An eighteenth century European philosopher, Joseph de Maistre, remarked – Toute nation a le gouvernement quell merit – Every nation gets the government it deserves.
Sadly, we in New Zealand might soon prove to be an exception.
The land of long white cloud – Aotearoa – might see a dark lining to the hitherto shining institution of democracy.
A community, where still honesty boxes are the norm rather than an exception and you still get a message to collect your wallet if you have dropped it anywhere in the town; it is frightening to think what may happen in the near future in the country’s governance.
Political opportunism is a blight that is affecting New Zealand politics.
Though it is not entirely new, it is now reaching alarming levels. Almost all parties have “borrowed” leaders from others. Movement from one camp to another is not always a dubious step as some people may have genuine change of heart or some parties may change their policies under a new leadership, making it hard to compromise with one’s values. However, most of the moves can be directly credited to unfulfilled ambitions or fall from grace in one’s own party, which becomes the cause of seeking greener pastures elsewhere.
In some other countries, this phenomenon may not be rare and even acceptable to a certain extent. New Zealand has a reasonably mature voting public, which has in the past relegated such turncoats to the side-lines of public life.
Some politicians, after being tainted or being marginalised by their party, have left public life totally such as National’s Pansy Wong and Richard Worth, but there are others, who still nurse a desire to have another go at the polls.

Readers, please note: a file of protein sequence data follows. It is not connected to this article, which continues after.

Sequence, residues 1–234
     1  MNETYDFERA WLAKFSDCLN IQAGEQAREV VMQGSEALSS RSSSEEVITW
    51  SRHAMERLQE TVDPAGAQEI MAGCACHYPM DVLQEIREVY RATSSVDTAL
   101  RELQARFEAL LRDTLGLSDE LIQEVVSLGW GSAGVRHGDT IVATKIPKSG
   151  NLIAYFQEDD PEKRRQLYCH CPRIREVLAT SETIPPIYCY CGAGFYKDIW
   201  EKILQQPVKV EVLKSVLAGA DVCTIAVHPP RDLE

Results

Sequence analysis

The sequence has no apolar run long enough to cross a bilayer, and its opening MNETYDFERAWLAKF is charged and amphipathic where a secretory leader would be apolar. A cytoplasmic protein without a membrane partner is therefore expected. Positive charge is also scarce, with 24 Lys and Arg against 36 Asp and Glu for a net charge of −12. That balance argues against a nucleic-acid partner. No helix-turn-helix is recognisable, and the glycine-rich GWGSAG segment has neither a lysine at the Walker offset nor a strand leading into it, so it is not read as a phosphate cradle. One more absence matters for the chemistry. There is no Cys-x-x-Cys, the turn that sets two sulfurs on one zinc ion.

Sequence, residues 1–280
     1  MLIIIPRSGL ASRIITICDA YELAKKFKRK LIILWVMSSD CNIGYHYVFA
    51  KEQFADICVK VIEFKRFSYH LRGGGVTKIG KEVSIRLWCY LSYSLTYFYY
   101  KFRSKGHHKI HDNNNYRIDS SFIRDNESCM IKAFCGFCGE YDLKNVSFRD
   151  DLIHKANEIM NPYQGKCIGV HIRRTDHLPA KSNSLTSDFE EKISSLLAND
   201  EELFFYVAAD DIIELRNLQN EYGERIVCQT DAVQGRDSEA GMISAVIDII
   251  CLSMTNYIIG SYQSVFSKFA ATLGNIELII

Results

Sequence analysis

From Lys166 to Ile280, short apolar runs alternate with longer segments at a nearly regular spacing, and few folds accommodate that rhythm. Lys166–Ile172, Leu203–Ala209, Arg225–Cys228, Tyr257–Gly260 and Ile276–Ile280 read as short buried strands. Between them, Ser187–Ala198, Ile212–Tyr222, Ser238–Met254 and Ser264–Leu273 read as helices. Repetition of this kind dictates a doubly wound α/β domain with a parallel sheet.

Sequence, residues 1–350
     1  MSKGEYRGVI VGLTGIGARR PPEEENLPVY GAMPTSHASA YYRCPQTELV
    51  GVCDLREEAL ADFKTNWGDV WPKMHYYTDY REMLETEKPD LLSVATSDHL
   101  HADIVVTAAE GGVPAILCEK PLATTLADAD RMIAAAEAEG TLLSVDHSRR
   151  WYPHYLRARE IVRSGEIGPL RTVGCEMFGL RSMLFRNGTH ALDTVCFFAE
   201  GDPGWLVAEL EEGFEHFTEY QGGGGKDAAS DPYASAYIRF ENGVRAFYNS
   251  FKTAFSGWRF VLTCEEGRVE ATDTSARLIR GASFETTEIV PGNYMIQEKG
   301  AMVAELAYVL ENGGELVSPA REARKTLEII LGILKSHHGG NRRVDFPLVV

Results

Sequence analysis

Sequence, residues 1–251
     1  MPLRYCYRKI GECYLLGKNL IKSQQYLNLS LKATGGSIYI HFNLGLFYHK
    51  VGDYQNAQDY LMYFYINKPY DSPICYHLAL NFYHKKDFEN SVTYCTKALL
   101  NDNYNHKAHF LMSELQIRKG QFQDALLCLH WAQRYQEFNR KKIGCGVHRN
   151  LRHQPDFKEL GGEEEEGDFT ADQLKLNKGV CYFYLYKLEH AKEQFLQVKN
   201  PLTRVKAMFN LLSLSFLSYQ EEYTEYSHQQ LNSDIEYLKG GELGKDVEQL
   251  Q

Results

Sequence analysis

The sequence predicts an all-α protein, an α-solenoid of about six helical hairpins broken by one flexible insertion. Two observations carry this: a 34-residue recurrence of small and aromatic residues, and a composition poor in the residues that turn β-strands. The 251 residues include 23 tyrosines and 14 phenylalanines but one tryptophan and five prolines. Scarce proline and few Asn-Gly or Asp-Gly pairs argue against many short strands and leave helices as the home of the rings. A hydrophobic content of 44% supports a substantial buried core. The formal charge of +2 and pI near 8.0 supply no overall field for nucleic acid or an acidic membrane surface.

They often change their affiliation and hitch their wagon to a new star (or what they hope will become a star). The fate of such experiments has also been tragic looking at the New Zealand First in the 2008 election (post the allegations and censure of Winston Peters), or Internet Mana in 2014 (after Hone Harawira changed from Maori to Mana to Internet-Mana).
So, it will be interesting to see what transpires in the coming elections.
There are a host of politicians vying for the elusive mandate of the voters’ confidence, who are now wearing different colours than before. For example, Shane Jones, who left Labour after unsuccessfully trying to lead the party and is now batting for NZ First.
Another leader, Teresa Moore, who was till recently on the rolls of Green Party, has joined The Opportunities Party and is their candidate.
The Opportunities Party has also accepted the leader of Cannabis Party – Abe Gray. Some leaders of Indian descent have recently renounced their previous affiliations to start a brand new political outfit, which interestingly has both Red and Blue as the party colours, leaving it as anybody’s guess which way their support will go in the unlikely event of their entry into Parliament.
An interesting event involving another leader of Indian descent, has been the sudden and unforeseen quitting of Labour party by Sunny Kaushal and joining the National Party. As a National Party supporter, I welcome him, provided that his reason is a genuine realisation that the country is doing a lot better under the National-led Government in last eight and a half years, regardless of his and his previous party’s criticism of everything that the government did.
However, in case the reason is a stunted personal growth or non-fulfilment of a personal agenda during his membership of the Labour Party, and if these are catered to by the National party, it would send a very wrong signal both to the community and to voters. It would simply mean that anybody who knows how to indulge in horse-trading, back-stabbing or waka-jumping could get away with it.
That is definitely not what we want to see in this country. After all we deserve better.
Footnote – for a list of all waka-jumpers of NZ politics going back to 1891 scan this code.
Manish Tanna is an educationist and community worker, currently teaching at Mahurangi College, Warkworth. Email: firstname.lastname@example.org